Zarina Hashmi: For days I wouldn’t hear my own voice because I had nobody to talk to.
Laraaji: That is one mystical experience. It is invigorating. It does stun some people.
Hashmi: Not anymore, because I’m not in my twenties anymore. It’s just anything.
Laraaji: I’m observing it, but it’s not my overwhelming narrative.
Hashmi: Yes. Yes, architecture. Teaching. Scripture has always intimidated me.
Laraaji: That taught me the power of immersion; this cat was immersed in a black container, so its sense of boundaries were probably annihilated temporarily.
Hashmi: And also, when the pulp dries, it cracks and there are water pits, air bubbles, and it gives a sort of rough surface, and that made me move away from a very pristine, white surface, and in a way, it freed me.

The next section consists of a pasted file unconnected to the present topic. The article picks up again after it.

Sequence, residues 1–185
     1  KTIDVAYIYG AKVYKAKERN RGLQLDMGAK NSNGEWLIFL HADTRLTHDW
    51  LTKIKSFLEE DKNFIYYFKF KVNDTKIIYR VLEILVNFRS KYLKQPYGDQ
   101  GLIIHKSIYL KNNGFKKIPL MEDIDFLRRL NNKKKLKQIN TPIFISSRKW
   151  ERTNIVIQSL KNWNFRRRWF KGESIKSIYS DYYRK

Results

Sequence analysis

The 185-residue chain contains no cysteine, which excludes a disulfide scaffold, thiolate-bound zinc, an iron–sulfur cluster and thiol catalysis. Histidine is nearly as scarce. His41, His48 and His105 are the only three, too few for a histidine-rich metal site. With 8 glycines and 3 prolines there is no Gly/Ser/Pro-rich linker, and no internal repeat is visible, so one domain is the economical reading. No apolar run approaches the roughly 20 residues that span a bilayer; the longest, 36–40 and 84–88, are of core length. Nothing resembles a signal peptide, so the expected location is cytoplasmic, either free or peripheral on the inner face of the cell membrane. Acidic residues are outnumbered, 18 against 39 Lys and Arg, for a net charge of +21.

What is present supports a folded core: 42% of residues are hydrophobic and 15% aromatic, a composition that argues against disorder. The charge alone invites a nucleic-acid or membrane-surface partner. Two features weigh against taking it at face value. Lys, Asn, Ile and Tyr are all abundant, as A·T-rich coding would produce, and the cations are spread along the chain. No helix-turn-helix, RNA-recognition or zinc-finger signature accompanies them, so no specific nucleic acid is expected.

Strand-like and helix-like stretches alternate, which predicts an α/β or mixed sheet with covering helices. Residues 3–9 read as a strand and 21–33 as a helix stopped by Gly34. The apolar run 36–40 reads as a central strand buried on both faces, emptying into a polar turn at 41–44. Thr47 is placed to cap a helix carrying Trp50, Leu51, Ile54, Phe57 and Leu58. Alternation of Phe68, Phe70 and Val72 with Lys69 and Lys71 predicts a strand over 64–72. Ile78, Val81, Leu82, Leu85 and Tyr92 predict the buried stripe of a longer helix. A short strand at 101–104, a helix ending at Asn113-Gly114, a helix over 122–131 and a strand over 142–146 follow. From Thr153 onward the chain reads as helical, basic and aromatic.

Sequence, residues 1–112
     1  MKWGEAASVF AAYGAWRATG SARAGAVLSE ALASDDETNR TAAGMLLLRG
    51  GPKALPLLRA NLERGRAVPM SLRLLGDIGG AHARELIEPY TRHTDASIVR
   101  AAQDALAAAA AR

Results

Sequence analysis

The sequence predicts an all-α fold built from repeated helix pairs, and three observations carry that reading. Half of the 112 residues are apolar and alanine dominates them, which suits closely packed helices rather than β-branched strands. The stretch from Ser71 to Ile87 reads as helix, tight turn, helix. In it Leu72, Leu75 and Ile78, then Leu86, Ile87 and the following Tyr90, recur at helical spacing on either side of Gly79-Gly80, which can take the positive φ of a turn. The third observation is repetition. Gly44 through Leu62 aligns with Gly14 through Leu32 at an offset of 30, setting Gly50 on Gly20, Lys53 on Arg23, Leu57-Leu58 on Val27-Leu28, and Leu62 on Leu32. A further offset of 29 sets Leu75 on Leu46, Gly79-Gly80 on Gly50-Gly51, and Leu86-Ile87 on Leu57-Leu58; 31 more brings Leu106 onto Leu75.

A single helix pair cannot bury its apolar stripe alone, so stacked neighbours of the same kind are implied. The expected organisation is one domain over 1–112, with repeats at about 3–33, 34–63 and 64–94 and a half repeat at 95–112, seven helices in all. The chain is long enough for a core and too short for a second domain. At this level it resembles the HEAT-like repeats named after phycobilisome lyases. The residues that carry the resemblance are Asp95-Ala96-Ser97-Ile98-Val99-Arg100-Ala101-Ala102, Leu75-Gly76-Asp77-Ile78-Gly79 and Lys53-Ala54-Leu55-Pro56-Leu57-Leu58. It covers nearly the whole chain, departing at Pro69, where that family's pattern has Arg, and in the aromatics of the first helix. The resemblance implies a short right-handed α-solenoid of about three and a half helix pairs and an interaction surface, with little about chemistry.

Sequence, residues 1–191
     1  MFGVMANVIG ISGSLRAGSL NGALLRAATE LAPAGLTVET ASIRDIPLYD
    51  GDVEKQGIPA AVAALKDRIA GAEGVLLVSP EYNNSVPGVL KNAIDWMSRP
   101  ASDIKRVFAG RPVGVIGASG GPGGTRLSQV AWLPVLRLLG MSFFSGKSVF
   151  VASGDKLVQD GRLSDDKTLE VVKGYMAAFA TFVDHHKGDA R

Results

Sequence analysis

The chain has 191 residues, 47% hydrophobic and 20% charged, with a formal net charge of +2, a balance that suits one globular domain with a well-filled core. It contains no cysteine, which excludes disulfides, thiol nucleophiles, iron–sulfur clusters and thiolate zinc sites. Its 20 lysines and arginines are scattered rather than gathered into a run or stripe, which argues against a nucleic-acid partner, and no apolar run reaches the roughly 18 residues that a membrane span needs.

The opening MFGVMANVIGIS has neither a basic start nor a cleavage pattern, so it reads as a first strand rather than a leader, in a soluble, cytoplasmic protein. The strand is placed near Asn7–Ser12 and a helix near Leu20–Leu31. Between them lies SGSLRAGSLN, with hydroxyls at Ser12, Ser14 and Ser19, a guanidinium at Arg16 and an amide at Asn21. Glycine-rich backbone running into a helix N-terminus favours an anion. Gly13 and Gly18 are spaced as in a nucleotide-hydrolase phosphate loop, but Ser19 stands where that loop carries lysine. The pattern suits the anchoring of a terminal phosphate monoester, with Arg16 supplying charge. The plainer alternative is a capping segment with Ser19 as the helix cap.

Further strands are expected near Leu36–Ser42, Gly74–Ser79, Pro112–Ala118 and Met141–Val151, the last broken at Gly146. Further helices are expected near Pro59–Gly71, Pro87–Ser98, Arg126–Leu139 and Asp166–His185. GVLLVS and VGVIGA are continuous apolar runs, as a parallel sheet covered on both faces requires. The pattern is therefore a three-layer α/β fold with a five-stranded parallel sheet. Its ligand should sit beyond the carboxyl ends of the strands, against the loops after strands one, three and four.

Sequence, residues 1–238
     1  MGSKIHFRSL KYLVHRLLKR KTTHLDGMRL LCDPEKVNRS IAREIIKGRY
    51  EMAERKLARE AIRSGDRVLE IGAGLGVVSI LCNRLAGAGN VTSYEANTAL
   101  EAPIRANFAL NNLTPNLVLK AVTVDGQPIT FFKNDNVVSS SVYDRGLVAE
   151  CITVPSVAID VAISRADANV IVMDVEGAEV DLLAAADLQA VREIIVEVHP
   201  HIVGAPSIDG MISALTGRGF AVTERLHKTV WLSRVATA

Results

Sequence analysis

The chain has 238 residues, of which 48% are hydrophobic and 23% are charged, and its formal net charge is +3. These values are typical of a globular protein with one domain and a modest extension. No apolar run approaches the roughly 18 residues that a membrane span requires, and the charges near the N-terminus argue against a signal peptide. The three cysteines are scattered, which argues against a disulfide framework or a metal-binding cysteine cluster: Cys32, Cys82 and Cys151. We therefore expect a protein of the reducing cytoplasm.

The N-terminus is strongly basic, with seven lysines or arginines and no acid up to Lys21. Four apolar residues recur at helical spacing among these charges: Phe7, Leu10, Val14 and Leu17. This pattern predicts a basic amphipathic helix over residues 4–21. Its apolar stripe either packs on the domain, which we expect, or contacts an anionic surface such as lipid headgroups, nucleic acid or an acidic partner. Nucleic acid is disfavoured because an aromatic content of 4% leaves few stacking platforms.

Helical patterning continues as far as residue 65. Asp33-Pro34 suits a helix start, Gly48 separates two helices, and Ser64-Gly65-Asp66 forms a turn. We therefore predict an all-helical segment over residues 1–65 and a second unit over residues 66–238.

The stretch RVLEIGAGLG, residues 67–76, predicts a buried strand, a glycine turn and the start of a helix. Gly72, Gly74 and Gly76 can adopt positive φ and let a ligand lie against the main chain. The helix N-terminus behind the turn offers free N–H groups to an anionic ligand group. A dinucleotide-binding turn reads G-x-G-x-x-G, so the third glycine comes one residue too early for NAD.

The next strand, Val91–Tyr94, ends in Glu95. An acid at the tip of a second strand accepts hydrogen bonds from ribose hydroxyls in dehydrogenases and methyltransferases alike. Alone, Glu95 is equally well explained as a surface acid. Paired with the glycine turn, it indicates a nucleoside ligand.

Laraaji: And this gospel singer, halfway through the song, they stopped on one note and held it in this high voice.
Hashmi: Yes, my mother got worried, but my father just laughed. That was 1977.
Laraaji: [Humming a rhythmic hook] Mmhmm.
Hashmi: On Indian long summer afternoons, the rooms are cool; you can’t go out, so we just read heaps of books.
Laraaji: And sometimes other artists would come into the room.
Hashmi: Oh, sure! Sure. We knew each other. But it was wonderful to get out.
Laraaji: Yeah—to achieve an immersionary trance state. I couldn’t write the music down or record it because it wasn’t happening in the physical dimension.
Hashmi: Now I am inside the house and it just happened on its own.